Most Indian start-ups and e-commerce are largely funded by foreign investors
Carpet bombers, aggressors, barbarians at the gate - these are among the names by which global e-commerce majors Amazon, Uber and Alibaba were referred to on India Internet Day, hosting domestic new-economy companies. The event, organised by TiE Delhi NCR, witnessed a high-pitched demand for a “level-playing field” as well.
Prominent speakers included Ola co-founder Bhavish Aggarwal, MakeMyTrip’s Deep Kalra and Flipkart Chief Executive Officer Kalyan Krishnamurthy.
While most Indian start-ups and e-commerce companies are funded largely by foreign investors, international firms in the space were missing at the event.
US-based Amazon and Uber were part of the previous editions. Organisers, however, said that invites were sent to Uber and Amazon as well.
Pointing at his company’s ongoing battle with Uber, Ola’s Aggarwal said while Americans were carpet bombing India with capital, he and his company were fighting a guerrilla war with them.
Reiterating his earlier analogy with the Vietnam War, he said, “We are the local guerrillas. We have the Americans carpet bombing us but we will go into every nook and corner of the country and find those opportunities in the niche areas and in the large area.”
Ola has in the past raised funds from Japanese telecom giant SoftBank and Tiger Global Management based out of the Silicon Valley.
Introducing Krishnamurthy to the crowd, Rajat Garg, founder of myUpchar.com, said he was fighting in an environment where “barbarians are at the gate”, in a veiled reference to Amazon and Alibaba. To that, Krishnamurthy said, “Before I begin, I just want to first thank the person who did the intros because he started by saying barbarians at the gates.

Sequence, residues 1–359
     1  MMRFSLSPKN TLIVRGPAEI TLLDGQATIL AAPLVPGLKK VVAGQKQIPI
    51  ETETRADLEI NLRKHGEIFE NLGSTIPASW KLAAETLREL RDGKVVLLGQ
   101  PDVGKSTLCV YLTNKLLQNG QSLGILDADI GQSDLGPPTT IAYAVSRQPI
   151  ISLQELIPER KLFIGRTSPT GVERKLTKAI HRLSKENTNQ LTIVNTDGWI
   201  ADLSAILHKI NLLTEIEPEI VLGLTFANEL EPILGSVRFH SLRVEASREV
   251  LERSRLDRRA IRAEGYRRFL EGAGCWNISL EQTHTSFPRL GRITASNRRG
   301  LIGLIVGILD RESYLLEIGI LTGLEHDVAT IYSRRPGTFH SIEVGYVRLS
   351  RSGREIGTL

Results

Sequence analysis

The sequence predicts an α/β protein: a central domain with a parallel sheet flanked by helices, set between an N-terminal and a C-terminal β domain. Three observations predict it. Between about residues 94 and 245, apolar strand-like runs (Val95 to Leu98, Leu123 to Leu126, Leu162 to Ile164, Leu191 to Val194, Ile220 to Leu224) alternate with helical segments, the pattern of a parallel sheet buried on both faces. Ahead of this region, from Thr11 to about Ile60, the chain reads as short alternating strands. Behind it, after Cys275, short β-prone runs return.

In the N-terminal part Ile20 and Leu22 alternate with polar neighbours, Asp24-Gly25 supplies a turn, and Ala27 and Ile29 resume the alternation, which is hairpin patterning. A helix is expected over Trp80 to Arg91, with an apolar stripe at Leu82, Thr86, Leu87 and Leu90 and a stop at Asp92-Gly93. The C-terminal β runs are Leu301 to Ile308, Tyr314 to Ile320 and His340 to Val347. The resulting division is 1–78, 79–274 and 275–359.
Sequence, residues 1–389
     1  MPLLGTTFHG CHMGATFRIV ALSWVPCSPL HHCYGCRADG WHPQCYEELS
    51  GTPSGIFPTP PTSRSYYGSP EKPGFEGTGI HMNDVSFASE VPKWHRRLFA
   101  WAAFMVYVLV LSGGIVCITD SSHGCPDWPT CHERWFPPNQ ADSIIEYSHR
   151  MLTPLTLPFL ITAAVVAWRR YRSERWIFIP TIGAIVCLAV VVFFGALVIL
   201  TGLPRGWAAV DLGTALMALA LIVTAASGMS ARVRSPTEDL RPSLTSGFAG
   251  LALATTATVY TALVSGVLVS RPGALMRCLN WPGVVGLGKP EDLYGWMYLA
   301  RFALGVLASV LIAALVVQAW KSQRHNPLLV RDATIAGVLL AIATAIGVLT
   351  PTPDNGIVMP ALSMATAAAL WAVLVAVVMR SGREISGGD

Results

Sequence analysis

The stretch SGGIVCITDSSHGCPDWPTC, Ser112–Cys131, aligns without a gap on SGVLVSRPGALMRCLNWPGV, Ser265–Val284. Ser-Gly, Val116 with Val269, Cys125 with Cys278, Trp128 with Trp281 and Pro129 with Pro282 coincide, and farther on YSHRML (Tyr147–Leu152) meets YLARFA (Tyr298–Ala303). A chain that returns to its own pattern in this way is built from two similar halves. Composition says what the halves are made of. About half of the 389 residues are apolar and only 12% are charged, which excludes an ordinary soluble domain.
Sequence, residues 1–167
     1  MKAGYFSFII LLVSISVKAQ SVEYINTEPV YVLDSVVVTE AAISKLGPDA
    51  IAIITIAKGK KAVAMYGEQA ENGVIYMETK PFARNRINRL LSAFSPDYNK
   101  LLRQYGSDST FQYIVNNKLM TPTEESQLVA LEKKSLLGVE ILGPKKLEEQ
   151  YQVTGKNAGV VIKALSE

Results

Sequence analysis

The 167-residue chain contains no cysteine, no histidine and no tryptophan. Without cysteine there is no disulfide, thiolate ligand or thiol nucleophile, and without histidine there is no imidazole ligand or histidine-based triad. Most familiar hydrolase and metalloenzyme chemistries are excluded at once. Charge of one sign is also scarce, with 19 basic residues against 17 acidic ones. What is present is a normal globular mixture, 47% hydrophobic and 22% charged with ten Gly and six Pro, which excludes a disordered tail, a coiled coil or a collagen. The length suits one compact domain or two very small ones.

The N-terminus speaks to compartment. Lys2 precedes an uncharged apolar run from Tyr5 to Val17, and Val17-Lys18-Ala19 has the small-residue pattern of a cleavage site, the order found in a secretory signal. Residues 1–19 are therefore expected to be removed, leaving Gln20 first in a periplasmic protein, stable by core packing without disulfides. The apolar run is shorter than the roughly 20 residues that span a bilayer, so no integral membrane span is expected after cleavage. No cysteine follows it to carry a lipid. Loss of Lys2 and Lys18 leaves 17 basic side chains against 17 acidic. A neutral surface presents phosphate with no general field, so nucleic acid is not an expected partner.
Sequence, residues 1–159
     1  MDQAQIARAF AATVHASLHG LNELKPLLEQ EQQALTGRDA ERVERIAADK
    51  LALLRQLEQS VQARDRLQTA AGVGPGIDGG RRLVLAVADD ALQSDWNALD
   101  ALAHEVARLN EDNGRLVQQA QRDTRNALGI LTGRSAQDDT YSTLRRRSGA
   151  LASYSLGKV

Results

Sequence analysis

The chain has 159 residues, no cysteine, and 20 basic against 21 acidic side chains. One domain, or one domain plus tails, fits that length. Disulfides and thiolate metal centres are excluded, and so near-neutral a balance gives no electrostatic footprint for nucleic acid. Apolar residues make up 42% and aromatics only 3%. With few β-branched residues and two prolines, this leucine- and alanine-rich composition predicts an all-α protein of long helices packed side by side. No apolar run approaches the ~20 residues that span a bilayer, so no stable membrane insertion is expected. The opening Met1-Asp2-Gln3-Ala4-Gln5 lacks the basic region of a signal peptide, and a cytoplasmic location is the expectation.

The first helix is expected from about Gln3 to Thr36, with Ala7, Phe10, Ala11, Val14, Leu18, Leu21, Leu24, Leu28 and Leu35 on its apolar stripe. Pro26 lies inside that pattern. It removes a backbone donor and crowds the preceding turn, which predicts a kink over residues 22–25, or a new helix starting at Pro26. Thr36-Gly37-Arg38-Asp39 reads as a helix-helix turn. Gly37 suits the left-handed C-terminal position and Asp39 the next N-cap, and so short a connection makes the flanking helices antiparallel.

I want to appreciate that somebody is recognising people very well.”
“I think heavy capital is being brought in by foreign companies. I think a lot of our GDP in time would go overseas. It is about digital independence…. Companies like Flipkart have to be very careful,” Garg, a TiE member, said.
Kalra said, “I want my level-playing field. I do not believe in protectionism, but I want a level-playing field for everyone.”
A senior investor, who has successfully managed to run several Internet companies without much help from foreign investors, said Indian companies should either bootstrap and slog it out or not complain about foreign funding.
“Agreed there is a need for a level-playing field, but these players who have taken billions of dollars in foreign investments have no right to complain about foreign players,” he said.
Photograph: Danish Siddiqui/Reuters